Czechs may go to mass on Christmas Eve, but are they really religious?
In just over a week's time many thousands of people in the Czech Republic will leave the warmth of their homes on Christmas Eve to attend midnight mass. The tradition remains strong in this country, despite the fact that some surveys suggest the Czechs are among the most atheistic nations in Europe. To find out how religious the Czechs really are as a nation, I spoke to Jesuit priest and academic Josef Blaha.
"The Czech lands are the most atheistic in Europe. According to the census some thirty percent of Czechs say they are Catholics, but for example you have these funny people who when you ask them 'are you Catholic?' they say 'yeah, I'm Catholic'. 'And do you practice?' 'Of course, I go to Mass every Christmas'. Some five, eight percent of Czechs are practising Catholics, some one percent are Protestants."
But why is there such a lack of interest in religion in the Czech Republic? Priest Josef Blaha says the main reason is 40 years of communist rule.
"We can't forget the pressure of the communist regime, which really actually had an ambiguous attitude in the sense that officially freedom of religion was guaranteed by the constitution. But in fact if you were a teacher, for example, and you were seen in a church you were dismissed from work. So actually there was strong pressure from the communist regime."
But does that explanation really suffice? After all, neighbouring Poland also experienced four decades of communism, yet the Poles are among the most religious nations in Europe.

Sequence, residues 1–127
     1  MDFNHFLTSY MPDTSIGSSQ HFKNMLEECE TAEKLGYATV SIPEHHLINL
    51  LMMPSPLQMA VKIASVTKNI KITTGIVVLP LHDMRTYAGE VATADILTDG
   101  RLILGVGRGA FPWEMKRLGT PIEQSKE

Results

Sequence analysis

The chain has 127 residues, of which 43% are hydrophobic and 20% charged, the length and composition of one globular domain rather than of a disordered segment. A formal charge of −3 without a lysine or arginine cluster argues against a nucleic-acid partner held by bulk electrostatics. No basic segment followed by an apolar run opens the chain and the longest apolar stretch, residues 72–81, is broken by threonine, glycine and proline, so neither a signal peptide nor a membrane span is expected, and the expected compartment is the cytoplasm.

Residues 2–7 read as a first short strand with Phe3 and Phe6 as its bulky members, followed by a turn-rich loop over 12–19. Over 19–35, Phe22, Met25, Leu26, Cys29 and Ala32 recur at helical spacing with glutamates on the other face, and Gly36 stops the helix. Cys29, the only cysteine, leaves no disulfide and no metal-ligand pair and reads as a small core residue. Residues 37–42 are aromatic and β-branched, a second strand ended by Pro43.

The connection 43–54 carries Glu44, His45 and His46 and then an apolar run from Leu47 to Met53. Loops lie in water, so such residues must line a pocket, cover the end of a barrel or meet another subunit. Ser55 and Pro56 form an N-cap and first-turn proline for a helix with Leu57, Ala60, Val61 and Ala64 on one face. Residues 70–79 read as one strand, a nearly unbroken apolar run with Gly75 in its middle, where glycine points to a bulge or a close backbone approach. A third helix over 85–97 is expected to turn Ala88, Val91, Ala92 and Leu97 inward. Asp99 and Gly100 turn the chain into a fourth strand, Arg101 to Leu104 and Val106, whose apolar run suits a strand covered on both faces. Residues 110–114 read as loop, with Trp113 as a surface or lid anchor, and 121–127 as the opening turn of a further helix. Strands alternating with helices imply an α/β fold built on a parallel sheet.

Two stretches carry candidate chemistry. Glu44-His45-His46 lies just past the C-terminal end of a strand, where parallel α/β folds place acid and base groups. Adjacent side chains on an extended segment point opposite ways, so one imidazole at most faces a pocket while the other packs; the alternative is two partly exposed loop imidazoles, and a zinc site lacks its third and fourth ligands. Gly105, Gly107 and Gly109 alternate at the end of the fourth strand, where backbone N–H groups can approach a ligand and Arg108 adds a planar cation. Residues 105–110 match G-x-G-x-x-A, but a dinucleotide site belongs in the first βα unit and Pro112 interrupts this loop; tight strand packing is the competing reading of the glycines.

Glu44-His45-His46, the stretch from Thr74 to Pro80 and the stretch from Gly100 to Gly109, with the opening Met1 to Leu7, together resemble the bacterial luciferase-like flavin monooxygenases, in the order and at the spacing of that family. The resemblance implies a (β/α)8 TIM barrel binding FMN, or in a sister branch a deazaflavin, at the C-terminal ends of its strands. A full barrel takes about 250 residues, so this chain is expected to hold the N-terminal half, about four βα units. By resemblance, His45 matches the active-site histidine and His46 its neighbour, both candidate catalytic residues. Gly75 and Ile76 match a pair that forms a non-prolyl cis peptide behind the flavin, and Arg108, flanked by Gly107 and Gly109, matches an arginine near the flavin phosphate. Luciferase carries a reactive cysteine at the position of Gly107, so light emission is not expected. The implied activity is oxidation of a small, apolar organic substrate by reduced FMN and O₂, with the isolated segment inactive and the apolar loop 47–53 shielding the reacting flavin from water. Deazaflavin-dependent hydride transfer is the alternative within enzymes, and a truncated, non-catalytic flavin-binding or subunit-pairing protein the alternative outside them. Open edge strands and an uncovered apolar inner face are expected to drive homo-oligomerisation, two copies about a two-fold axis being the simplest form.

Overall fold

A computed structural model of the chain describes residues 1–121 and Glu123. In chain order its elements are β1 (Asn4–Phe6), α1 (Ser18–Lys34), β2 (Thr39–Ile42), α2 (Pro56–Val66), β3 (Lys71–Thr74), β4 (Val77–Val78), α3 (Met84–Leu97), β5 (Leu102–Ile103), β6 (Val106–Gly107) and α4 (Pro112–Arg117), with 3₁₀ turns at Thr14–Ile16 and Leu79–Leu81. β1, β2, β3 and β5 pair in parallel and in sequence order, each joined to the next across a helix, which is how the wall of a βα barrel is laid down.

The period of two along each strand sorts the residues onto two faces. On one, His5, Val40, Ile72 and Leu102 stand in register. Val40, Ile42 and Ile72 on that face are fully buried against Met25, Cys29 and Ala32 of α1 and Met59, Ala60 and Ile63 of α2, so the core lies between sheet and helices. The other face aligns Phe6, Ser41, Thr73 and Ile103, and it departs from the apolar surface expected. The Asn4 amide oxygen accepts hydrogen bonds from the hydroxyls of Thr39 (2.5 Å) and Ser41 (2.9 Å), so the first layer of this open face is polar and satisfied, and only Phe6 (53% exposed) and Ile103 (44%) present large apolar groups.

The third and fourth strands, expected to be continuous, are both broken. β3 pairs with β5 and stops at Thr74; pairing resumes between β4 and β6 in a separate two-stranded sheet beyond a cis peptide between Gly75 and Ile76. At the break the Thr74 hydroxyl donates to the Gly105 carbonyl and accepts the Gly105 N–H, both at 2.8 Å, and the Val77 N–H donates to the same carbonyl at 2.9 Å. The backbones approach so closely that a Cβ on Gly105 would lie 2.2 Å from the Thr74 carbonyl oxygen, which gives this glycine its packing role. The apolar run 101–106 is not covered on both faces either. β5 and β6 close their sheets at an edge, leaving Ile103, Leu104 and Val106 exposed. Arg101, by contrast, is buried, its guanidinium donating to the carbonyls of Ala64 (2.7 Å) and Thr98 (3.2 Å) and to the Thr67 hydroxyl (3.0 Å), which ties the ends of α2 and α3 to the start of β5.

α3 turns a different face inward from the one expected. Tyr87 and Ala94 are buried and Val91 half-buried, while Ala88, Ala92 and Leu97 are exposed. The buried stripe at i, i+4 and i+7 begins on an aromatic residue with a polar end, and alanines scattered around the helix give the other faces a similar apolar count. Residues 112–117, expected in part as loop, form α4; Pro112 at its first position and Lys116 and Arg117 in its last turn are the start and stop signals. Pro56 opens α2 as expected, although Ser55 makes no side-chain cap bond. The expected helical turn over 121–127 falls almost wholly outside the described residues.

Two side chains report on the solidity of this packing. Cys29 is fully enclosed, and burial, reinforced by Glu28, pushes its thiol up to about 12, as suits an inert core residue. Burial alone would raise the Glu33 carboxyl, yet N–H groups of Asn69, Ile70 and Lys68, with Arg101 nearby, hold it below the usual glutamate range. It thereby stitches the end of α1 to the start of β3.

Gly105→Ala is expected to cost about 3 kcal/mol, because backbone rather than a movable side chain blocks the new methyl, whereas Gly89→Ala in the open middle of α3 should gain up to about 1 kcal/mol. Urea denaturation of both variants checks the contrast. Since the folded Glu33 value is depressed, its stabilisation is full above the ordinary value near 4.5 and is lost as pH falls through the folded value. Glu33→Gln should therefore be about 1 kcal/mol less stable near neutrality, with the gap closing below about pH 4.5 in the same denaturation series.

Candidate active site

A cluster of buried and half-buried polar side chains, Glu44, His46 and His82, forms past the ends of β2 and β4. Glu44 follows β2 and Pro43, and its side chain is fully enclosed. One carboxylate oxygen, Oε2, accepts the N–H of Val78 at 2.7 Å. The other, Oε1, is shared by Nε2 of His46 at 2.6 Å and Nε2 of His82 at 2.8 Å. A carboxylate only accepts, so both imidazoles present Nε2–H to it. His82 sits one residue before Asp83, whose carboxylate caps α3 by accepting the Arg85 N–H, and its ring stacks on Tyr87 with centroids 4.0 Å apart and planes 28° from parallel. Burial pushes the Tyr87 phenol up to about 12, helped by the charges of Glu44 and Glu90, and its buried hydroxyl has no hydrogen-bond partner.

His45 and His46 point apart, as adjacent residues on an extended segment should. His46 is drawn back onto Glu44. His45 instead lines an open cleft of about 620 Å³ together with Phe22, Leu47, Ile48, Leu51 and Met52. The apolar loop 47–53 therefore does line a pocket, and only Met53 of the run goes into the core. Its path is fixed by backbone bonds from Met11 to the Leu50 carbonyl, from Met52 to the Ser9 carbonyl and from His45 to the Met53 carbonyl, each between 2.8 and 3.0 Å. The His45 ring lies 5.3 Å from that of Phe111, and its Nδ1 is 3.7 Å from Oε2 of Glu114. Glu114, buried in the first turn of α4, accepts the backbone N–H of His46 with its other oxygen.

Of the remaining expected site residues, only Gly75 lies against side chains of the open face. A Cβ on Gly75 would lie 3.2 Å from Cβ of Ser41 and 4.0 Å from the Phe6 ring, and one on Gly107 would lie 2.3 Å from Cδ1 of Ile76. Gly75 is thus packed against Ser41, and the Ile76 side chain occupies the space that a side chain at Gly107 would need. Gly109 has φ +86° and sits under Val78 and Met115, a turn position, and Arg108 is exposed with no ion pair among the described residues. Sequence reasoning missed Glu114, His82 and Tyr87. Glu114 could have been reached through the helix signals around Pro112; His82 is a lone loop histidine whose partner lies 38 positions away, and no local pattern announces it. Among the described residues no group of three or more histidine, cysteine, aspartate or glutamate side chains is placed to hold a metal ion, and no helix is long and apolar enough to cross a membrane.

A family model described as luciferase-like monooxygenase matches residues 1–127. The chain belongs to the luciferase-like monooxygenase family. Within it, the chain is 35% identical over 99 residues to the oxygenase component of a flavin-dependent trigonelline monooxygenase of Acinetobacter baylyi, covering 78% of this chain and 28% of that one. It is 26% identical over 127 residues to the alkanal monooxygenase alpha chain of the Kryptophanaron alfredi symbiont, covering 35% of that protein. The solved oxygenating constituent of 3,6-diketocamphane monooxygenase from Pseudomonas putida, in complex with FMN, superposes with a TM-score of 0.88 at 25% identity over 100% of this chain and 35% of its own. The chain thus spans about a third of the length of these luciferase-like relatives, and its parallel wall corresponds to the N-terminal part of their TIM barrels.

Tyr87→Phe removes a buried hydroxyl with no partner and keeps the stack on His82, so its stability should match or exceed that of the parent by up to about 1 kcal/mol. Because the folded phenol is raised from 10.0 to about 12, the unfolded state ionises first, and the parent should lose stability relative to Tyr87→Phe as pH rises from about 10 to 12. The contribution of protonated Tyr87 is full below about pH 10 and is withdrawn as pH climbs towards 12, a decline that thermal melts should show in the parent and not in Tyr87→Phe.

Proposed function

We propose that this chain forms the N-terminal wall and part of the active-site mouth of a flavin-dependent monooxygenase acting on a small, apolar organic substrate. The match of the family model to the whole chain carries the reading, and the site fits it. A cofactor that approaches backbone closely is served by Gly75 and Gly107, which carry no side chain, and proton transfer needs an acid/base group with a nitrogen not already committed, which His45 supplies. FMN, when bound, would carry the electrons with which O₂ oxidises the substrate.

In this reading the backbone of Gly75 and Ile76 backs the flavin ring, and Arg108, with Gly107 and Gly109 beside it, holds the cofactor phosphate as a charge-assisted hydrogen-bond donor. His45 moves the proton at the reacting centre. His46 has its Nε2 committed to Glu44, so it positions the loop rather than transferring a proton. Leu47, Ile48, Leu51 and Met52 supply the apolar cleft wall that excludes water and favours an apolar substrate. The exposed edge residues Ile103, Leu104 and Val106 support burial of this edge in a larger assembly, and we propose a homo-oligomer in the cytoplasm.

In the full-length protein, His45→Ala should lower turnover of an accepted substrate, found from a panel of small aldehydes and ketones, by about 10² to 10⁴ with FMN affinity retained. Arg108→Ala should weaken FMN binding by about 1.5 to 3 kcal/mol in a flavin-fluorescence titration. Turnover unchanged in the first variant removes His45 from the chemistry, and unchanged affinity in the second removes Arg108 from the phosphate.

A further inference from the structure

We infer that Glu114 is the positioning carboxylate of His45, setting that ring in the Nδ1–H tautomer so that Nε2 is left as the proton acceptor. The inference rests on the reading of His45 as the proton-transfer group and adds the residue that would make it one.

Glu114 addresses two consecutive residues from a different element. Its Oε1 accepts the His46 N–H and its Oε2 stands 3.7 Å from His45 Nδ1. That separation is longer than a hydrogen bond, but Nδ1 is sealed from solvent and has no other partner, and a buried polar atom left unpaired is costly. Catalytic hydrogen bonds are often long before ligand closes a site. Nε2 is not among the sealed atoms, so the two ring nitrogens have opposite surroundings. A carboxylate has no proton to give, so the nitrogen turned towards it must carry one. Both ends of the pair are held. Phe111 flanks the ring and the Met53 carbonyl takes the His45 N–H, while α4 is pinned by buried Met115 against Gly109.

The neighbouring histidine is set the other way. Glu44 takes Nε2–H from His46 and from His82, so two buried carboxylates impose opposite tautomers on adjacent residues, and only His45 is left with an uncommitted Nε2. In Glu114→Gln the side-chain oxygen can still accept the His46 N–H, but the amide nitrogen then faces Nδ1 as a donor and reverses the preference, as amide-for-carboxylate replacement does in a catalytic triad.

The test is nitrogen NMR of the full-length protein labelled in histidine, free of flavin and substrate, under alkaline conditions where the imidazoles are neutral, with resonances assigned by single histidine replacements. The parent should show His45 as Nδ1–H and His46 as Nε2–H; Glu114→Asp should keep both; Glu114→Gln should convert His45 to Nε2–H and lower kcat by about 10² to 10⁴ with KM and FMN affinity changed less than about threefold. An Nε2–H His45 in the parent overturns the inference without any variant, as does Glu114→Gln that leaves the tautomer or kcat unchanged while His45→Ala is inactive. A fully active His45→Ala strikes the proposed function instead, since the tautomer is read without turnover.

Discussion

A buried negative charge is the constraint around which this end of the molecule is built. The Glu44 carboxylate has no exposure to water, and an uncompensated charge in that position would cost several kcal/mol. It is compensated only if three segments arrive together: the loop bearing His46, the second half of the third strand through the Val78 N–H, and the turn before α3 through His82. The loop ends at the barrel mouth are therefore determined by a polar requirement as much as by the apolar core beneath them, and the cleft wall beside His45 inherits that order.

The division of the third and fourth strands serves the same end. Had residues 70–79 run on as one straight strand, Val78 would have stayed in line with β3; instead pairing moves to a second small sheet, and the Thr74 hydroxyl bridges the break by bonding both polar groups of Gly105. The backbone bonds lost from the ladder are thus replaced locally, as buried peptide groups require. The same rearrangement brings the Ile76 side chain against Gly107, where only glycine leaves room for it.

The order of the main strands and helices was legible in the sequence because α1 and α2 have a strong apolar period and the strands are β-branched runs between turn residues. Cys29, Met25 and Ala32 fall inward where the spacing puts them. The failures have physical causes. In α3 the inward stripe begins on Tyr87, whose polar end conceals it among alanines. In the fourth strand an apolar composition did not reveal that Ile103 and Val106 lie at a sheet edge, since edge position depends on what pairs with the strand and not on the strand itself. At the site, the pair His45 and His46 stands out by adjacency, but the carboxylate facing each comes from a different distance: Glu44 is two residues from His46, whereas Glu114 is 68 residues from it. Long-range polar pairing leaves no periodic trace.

"In history, Poland was somehow a buffer zone in between Protestant Germany and Orthodox Russia, and so the Catholic Church in Poland stands behind the people. Whereas in the Czech Republic, from the times of John Hus, they dislike the Catholic Church. Catholicism was often conceived as something alien to Czech nature. Poland is very religious, some 90 percent of Poles are Catholics, but here it's vice versa, the other way around."
And it would be a mistake to think that Czechs have no spiritual needs, says Josef Blaha, pointing to a growth in faiths new to this country in recent years.
"With the collapse of communism people had a hunger for religion. There especially is a new fashion to embrace eastern religions, like for example Buddhism or the religions of India. Everybody believes in something but I don't think that people would fit into the framework of, let's say, the Catholic or Protestant Church."
How likely Czechs are to be believers may depend on where they live. Josef Blaha, who is from Brno, says people from Moravia are much more religious than those from Bohemia. And that difference, he says, is most noticeable in the countryside.
"The Bohemian countryside is really pagan. But especially in the cities like Prague or Ceske Budejovice or Usti or Decin, the Jewish and Protestant and Catholic communities are very active. It reminds me of a pastoral letter by an East German bishop, my friend Wanke, who wrote that cities are places of worship whereas the villages are places of paganism."